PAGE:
Judicial statesmanship, the jurisprudence of individualism, and Tocqueville's common law spirit

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2 Scopus citations


Tocqueville's account of judging unites two concerns separated in recent debates over constitutional interpretation, use of discretion to serve the rule of law and respect for tradition. In Planned Parenthood v. Casey the majority upholding Roe is properly concerned with rule of law, while Justice Scalia properly criticizes departures from text and tradition. However, both evince a skepticism which undermines these concerns. This raises differences between American constitutionalism prior to Holmes and the rival strains of legal realism now dominant. Tocqueville's judicial statesmanship would perpetuate the Constitution by preserving the principles of its letter and spirit. Holmesean judges lack the classic common law basis of this jurisprudence and should not exercise discretion unguided by our founding principles. The jurisprudence of individualism yielded by activist Holmesean skepticism is inadequately opposed by Holmesean skeptical restraint and better addressed by a common law constitutionalism.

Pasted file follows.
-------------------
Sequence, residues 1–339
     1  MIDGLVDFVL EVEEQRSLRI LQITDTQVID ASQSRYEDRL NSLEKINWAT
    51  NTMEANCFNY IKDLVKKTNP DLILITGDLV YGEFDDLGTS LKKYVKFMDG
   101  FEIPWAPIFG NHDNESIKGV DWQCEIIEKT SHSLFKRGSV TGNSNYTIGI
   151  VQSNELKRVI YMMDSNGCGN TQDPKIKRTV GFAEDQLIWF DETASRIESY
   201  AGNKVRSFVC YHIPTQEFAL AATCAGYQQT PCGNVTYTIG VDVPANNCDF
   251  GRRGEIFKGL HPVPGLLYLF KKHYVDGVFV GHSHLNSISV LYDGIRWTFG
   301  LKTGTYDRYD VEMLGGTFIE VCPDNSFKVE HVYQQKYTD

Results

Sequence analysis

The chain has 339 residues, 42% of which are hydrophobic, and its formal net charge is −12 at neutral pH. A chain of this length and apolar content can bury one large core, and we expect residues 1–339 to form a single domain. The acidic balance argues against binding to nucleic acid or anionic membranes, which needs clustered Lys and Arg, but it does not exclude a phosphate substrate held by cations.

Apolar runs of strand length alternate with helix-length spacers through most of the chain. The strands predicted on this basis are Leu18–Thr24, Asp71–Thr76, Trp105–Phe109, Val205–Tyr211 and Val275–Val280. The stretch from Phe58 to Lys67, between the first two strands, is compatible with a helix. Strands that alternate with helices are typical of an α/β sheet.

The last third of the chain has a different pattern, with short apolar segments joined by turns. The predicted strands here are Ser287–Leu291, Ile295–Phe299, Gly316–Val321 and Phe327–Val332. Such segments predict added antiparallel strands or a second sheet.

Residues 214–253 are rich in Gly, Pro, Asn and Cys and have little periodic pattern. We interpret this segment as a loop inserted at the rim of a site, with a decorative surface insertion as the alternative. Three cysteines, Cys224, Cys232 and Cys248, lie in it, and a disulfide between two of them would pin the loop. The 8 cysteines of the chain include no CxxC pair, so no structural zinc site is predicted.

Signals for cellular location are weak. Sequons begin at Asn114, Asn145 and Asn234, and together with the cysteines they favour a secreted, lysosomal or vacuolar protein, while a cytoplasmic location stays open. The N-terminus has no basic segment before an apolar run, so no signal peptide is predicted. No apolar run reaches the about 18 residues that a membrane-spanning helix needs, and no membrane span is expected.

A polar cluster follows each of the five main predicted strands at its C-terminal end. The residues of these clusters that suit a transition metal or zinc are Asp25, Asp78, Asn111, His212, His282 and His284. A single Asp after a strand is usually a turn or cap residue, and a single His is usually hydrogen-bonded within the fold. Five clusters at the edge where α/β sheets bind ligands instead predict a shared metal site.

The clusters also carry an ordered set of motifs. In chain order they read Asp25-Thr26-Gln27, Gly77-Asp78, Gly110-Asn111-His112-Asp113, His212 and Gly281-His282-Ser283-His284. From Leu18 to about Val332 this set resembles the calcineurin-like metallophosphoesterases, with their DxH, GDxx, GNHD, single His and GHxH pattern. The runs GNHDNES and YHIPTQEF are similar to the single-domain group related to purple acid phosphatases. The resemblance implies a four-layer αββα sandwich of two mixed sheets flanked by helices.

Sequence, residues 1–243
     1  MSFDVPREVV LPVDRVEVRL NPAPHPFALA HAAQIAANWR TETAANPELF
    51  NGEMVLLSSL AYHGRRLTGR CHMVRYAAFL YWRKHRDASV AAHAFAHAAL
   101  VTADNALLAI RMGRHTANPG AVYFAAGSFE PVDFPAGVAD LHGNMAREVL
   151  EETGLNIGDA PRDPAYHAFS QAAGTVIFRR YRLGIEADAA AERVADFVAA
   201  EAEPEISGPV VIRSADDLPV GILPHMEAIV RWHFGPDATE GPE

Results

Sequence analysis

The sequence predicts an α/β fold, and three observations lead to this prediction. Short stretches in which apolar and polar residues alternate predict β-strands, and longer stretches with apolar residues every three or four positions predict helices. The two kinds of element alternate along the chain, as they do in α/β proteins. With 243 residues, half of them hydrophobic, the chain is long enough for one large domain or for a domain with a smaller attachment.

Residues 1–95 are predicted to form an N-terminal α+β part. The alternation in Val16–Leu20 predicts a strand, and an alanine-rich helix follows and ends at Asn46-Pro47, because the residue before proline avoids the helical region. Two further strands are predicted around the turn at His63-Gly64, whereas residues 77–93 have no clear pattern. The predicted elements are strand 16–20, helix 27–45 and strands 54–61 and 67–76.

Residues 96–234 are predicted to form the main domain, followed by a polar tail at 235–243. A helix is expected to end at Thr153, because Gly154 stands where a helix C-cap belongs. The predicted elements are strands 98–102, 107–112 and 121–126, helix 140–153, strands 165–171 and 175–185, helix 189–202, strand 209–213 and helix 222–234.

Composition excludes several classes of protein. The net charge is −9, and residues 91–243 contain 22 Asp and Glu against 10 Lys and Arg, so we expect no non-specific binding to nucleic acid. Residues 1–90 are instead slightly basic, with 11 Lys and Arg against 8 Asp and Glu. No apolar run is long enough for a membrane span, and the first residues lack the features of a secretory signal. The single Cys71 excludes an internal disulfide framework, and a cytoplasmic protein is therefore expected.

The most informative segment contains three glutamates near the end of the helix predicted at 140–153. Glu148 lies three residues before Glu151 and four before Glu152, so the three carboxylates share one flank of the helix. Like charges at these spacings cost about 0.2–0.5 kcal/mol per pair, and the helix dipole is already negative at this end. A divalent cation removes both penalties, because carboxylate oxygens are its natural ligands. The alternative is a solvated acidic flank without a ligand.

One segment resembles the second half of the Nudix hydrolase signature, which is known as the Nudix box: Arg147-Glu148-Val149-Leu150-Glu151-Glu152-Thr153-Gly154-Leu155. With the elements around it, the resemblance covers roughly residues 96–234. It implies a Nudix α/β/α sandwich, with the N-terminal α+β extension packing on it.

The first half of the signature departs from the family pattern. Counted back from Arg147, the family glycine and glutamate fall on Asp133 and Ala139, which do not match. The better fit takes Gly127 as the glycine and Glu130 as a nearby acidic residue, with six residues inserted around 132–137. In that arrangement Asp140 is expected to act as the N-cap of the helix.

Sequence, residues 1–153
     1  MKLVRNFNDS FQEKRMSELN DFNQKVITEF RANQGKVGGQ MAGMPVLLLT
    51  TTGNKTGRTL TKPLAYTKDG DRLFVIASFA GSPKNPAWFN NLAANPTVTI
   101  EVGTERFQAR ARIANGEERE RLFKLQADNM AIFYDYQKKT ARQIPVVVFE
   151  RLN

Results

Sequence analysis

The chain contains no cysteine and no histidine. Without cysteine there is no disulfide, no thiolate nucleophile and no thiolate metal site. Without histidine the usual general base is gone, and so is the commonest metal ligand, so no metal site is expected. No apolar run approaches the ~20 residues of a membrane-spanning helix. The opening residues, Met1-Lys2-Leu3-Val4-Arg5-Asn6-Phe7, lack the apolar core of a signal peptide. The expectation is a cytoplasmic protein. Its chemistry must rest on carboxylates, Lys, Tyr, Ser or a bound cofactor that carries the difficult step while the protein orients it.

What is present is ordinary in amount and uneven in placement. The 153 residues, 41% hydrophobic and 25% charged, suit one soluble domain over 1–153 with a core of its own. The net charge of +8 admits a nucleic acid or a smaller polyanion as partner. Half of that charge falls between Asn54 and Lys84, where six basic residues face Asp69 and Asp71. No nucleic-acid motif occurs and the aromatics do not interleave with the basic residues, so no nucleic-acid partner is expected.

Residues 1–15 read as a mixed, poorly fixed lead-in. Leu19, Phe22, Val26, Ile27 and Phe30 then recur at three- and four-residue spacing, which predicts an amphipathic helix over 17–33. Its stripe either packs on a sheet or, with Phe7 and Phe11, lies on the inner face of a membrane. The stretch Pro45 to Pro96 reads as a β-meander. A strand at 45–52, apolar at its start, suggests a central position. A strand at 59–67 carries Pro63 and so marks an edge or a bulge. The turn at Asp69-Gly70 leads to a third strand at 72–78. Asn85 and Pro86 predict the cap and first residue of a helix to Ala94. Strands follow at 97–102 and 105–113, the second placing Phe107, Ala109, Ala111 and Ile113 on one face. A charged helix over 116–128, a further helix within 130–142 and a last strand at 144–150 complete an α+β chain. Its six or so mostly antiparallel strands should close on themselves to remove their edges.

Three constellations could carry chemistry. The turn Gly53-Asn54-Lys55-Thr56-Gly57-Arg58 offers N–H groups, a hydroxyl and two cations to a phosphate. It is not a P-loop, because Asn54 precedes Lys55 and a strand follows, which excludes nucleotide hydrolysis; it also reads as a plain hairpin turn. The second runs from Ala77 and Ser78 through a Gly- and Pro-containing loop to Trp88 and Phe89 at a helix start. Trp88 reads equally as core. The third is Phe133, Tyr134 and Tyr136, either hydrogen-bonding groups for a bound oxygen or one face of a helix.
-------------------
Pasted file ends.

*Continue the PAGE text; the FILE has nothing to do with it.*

Original languageEnglish (US)
Pages (from-to)465-495
Number of pages31
JournalReview of Politics
Issue number3
StatePublished - 1998
Externally publishedYes

ASJC Scopus subject areas

  • Sociology and Political Science
  • Political Science and International Relations


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